By: I. Maluf
The IB Visual Arts program contains three different components: the comparative study (worth 20% of the final grade), the process portfolio (worth 40%) and the exhibition (worth 40%). In the exhibition, students must curate the work created in the two-year course that shows their technical understanding, the exploration of different mediums and their accomplishments in the course. Also, students must produce a curatorial text to explain their theme and intentions behind the works chosen for the exhibition.
St. Paul’s has a history of excellence in the Visual Arts department and many of its students choose to study subjects related to the course in higher education and ensuing careers in the arts. The IB course is rigorous and encourages students to develop their personal style while experimenting with different media and techniques. The art pieces that students must produce are expected to be of a very high quality, and they must focus on composition and formal elements in all of their works.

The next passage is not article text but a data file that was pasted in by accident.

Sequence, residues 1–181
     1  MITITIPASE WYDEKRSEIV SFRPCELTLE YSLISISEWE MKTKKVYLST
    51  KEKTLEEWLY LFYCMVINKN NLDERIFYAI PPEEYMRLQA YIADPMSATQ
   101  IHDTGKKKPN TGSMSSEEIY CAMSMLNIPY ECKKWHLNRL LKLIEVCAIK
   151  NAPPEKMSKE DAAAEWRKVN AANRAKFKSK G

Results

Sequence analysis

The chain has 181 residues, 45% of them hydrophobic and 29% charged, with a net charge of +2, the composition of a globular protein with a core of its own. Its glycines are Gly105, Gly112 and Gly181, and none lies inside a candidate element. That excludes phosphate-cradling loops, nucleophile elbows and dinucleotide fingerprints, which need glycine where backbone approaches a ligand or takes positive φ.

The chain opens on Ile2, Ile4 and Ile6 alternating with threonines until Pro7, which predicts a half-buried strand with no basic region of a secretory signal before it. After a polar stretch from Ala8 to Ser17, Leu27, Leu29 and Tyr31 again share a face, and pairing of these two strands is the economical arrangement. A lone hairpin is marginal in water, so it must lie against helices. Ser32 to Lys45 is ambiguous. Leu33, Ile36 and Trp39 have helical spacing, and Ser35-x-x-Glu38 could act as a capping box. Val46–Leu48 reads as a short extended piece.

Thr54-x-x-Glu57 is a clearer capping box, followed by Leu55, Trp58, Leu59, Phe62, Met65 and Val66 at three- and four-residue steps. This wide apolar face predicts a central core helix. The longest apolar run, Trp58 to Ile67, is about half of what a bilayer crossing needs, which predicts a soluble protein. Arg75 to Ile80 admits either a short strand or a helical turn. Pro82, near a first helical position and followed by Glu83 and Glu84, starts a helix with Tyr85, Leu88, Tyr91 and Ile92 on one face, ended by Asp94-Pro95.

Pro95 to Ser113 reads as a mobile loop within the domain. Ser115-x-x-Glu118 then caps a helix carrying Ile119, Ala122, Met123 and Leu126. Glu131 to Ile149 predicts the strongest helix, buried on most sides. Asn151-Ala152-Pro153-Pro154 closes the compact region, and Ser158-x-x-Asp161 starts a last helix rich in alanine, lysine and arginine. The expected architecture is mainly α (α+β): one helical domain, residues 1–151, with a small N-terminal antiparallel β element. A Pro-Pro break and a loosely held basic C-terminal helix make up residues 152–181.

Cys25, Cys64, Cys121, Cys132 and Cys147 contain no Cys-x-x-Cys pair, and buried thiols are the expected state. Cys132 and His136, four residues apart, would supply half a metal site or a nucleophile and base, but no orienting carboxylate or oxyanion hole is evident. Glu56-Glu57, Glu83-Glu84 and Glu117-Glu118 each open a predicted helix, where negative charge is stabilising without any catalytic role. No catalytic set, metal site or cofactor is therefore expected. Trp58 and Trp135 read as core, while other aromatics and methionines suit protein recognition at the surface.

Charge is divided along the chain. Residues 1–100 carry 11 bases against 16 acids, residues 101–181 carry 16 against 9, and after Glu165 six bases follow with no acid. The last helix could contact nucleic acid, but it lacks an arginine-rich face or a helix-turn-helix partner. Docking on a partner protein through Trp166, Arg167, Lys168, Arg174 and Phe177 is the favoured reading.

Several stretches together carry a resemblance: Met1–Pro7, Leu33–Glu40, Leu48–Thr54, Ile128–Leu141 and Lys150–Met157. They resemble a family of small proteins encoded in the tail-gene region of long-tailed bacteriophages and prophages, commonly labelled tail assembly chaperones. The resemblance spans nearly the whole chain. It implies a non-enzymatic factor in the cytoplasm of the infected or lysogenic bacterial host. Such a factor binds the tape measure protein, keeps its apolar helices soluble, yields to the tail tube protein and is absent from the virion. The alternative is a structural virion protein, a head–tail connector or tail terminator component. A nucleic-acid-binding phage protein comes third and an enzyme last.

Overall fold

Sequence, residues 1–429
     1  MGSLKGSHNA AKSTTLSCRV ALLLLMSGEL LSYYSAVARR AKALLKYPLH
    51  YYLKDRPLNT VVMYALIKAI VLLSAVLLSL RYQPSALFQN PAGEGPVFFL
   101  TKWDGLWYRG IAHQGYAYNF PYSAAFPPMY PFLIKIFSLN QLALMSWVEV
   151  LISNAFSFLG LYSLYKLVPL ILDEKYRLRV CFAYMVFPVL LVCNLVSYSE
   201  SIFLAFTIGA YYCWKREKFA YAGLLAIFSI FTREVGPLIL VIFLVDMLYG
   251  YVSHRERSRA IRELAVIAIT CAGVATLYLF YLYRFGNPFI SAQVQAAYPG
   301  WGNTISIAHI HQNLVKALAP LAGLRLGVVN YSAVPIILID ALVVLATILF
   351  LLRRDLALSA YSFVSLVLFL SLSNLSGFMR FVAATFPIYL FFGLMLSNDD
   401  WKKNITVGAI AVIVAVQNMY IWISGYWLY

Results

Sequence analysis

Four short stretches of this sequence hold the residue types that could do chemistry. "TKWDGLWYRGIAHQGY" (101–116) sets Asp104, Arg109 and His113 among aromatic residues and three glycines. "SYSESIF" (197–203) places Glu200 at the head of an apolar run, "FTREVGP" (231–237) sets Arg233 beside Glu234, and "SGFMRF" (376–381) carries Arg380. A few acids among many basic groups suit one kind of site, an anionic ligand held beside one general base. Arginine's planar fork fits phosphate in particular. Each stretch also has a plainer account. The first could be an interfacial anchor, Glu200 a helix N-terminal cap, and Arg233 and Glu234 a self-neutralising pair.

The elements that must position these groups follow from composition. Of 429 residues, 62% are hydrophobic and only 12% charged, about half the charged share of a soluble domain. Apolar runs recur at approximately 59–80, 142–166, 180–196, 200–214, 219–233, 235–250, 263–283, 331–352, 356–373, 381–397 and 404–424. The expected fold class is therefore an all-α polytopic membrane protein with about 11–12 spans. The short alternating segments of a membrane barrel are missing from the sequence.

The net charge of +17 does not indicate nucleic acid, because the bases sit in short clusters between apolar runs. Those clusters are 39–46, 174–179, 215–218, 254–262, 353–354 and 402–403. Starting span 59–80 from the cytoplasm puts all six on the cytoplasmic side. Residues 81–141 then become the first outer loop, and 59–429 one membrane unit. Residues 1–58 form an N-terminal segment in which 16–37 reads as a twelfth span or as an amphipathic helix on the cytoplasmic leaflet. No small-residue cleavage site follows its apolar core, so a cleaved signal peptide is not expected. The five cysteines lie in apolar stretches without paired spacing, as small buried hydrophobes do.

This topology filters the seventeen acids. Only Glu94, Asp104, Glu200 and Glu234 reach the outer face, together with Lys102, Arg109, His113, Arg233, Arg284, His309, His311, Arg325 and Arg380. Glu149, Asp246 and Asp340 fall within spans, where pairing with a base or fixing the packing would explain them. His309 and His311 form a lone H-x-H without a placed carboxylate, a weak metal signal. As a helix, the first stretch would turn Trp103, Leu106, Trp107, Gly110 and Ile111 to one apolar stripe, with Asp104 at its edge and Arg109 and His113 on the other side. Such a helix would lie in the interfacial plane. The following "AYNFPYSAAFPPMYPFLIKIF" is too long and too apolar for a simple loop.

This year’s IB exhibition was excellent. All students produced beautiful and complex works that ranged from installations to giant oil paintings, and all were extremely successful. There was a myriad of themes such as communication, the inhumane treatment of animals and the theme of culture, and every exhibition was different to the last. The artists managed to convey their personal identities through their work, and each part of the exhibition was very particular to the artist and their theme.
In the opening night, the audience marveled over the details in each individual piece, observing how elaborate they were and the thought put into each one of them. One of the highlights of the opening night was the conceptual art piece that one student created that consisted of a cow-shaped cake being cut and served to the audience. The cake was bright red and represented the cruelty of eating an animal. Photos of this price were taken and are going to be sent to the IB.
Overall, this year’s IB exhibition was remarkable and all artists should be praised due to their wonderful pieces and curatorial texts. They weren't only aesthetically pleasing, but the works also had the power of sending messages to the audience about several important issues, and the pieces also has the power to made them contemplate. Now, we just have to wait for the current Lower Sixth Visual Art students to make their own exhibition next year!